For me, technique needs to be equated to the sound produced. It is our connection to the instrument without which we really cannot play well. If you think about it, the art and science of technique for any instrument is the study of how we physically control the properties of sound -- pitch, volume, duration, and timbre -- and learning what we can and can't control of those properties.
Technical study should not just use a bunch of mindless finger exercises that can be practiced while reading a book or watching TV (yes, that has been advocated in the history of piano instruction). The student must listen as they practice. Therefore the teacher needs to give good sound models that incorporate the technique in question. This is done both at the lesson and can be done through recordings of exercises and pieces that incorporate the techniques being taught.
At the early levels, particularly for children, technique is very much a rote experience. It needs to be modeled and copied. Where possible, it should be related to motions that they already do naturally. This is particularly important in the earliest lessons so that their success is insured and they will then be open to more advanced techniques that do not feel as natural.
For me the first technique to learn and reinforce is proper seating and posture. The height of the bench must be properly adjusted so that their hands and arms are properly placed, and, if their feet do not reach the floor, they must be given something to rest on. This is easily done with old city phone books covered in contact paper or an old set of encyclopedias or coffee table books that you can pick-up for cheap. This can also help them focus on proper seating because as they grow the will discover that they can use fewer books and are on their way to sitting right on the bench like older people do. They learn that if they don't sit properly, they won't be as aware of their growth. So, at the lessons, have the student make the appropriate adjustments to the bench.
In technique in the earliest level, I prefer to use the R.H. at the "C" above middle "C" and the L.H. the "C" below middle "C". When properly seated, this is more natural. The arms are straight forward, not bent in toward the middle of the body that is required when starting with middle "C". Most methods use the middle "C" simply because that is the easiest place to start with notation.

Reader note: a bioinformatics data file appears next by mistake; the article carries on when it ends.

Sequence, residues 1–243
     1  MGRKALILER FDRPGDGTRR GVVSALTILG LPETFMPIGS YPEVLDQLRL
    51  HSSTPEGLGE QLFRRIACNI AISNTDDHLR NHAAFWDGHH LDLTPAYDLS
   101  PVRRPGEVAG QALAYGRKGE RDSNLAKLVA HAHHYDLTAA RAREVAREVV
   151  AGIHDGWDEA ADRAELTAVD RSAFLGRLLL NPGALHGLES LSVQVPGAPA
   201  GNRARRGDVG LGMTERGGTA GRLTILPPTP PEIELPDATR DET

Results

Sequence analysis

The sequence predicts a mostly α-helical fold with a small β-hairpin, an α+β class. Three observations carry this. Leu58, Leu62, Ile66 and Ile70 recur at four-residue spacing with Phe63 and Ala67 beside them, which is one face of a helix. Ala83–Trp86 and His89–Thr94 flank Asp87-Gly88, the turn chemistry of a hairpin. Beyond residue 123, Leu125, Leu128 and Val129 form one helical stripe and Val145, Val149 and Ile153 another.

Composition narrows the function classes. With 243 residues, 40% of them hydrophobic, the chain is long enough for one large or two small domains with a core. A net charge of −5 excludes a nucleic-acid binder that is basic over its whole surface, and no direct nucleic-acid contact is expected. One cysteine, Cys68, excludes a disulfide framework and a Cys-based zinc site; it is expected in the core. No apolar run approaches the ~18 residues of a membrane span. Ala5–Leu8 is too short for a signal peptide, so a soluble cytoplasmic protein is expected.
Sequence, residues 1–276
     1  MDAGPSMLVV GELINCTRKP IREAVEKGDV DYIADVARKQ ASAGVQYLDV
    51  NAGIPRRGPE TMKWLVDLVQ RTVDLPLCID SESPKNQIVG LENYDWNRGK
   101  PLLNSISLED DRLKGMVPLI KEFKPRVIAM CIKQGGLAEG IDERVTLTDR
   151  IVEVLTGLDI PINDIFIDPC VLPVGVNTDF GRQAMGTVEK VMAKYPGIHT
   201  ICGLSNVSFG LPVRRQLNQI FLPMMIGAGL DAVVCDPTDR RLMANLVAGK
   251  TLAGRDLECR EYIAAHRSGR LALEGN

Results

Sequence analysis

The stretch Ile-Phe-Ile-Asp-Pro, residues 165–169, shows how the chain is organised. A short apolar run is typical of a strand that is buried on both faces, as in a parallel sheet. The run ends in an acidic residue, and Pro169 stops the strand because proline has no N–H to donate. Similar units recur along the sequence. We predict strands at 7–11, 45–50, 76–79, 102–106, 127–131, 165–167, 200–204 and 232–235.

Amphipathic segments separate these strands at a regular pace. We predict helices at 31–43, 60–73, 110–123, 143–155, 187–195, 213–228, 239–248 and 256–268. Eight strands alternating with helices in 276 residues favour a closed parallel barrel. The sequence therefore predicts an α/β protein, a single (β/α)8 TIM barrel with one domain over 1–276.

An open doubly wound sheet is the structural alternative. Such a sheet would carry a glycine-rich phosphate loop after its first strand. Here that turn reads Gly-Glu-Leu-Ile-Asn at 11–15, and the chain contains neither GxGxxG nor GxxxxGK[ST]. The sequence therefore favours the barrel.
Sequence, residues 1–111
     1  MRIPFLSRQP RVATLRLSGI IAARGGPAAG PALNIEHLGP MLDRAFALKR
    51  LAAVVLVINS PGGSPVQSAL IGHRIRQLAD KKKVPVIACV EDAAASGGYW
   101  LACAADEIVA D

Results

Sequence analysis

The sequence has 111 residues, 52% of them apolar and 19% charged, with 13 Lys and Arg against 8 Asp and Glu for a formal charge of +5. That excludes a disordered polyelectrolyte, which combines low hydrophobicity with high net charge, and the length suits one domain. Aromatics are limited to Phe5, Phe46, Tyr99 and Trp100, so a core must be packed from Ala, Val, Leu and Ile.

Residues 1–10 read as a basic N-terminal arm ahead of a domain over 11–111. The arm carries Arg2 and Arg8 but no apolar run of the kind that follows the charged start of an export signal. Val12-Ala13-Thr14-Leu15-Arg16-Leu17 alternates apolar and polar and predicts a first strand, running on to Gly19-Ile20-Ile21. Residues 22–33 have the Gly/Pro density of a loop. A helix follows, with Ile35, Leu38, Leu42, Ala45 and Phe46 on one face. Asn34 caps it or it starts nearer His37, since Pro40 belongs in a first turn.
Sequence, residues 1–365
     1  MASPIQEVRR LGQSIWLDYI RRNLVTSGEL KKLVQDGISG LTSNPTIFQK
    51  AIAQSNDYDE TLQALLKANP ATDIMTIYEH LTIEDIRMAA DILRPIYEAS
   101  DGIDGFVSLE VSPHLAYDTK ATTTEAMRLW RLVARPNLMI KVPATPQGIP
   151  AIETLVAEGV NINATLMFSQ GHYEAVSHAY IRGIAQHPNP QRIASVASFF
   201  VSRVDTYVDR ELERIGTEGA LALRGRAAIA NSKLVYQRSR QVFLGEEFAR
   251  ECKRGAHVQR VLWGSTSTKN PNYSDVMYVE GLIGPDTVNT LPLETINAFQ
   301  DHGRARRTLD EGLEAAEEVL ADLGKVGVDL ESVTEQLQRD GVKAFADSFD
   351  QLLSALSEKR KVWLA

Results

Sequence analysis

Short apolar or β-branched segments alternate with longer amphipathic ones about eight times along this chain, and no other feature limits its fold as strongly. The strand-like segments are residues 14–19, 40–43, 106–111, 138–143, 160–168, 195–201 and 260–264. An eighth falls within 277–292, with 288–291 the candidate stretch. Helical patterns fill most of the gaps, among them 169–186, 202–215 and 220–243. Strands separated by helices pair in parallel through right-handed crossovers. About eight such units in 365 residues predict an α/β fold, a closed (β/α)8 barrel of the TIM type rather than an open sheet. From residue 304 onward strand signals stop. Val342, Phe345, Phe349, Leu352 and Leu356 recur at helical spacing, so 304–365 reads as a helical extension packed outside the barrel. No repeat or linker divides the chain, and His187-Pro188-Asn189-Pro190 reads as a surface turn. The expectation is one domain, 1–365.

The next technique that I like to teach is simply playing to the "bottom of the key" -- in otherwords making sure that the key goes all of the way down regardless of how loud or soft the sound is to be. They can experiment with this by playing the key from a little above the key, which will make louder sounds, or starting right on the key, which will make softer sounds. Again, they must be listening as they feel for the key bottom.
The first playing techniques that I use are actually from the earliest level of Suzuki. In this, there are 4 variations of "Twinkle, Twinkle Little Star" that work from large muscles to small muscles. The first variation incorporates the rhythm of 4 - 16th notes and 2 - 8th notes on each note of the song (you can actually start by using a 5 finger pattern) -- often called "Mississippi Hot Dog". The motion incorporates the large forearm muscles and is natural in young children (think about a baby getting excited and shaking their forearms). It is very similar to the motion used to knock on or door or a table top and it practically insures that they will play the key all of the way down. Since the motion is fairly natural, you can have the student listen carefully to the sound to make sure that each note is the same volume, whatever volume it is (though not too soft). Since the release of each note incorporates a natural rebound, they don't have to worry about any special release motions. It also is almost impossible for them to play the rhythm wrong. It also helps to relieve a build up of tension from the beginning.
As they are working on this variation, you can start working on training the smaller muscles that control the finger to create curved fingers (sort of like a letter "C"). The only explanation for "why" need be that when the fingers are flat, they are different lengths. When we shape our hands into a "C" our fingers appear to be the same length because they play the keys at the same place.
The second variation uses 8th quarter 8th -- "Ice Cream Cone" and begins to develop the idea of a release on the long note by guiding the finger off the key by lifting the wrist. Here, they are listening for evenness of tone as well as a long sound on the "Cream".
The third variation uses 8th 2- 16th 8th 2-16th -- "Run Mommy, Run Daddy". This is similar to the first except that it tends to use more wrist motion on the 16ths. Again, listen for evenness of sound.
The fourth variation is the actual song rhythm. This variation begins the concept of legato and incorporates more finger motion. Even the first of the repeated notes is held as long as possible to create the illusion of legato and the student listens for smooth, connected sounds as well as evenness of tone. If during the first three variations, you are working regularly on shaping the hand, their fingers will be nicely and naturally curved for this variation.
These variations have helped to develop some of the most basic motions used on the piano -- forearm, wrist, wrist release, finger legato as well as expansion of the hand used from thumb to 4th finger (C - G) as well as contraction in the tune of "Twinkle". Additional techniques are built from here as well as exercises for finger dexterity. In addition, many of the problems associated with the interdependence of fingers 4 and 5 are avoided or minimized at this point. I have found that that interdependence is not as big of problem and exercises and music requiring greater independence of those fingers are more accessible.
I hope this gives you some ideas.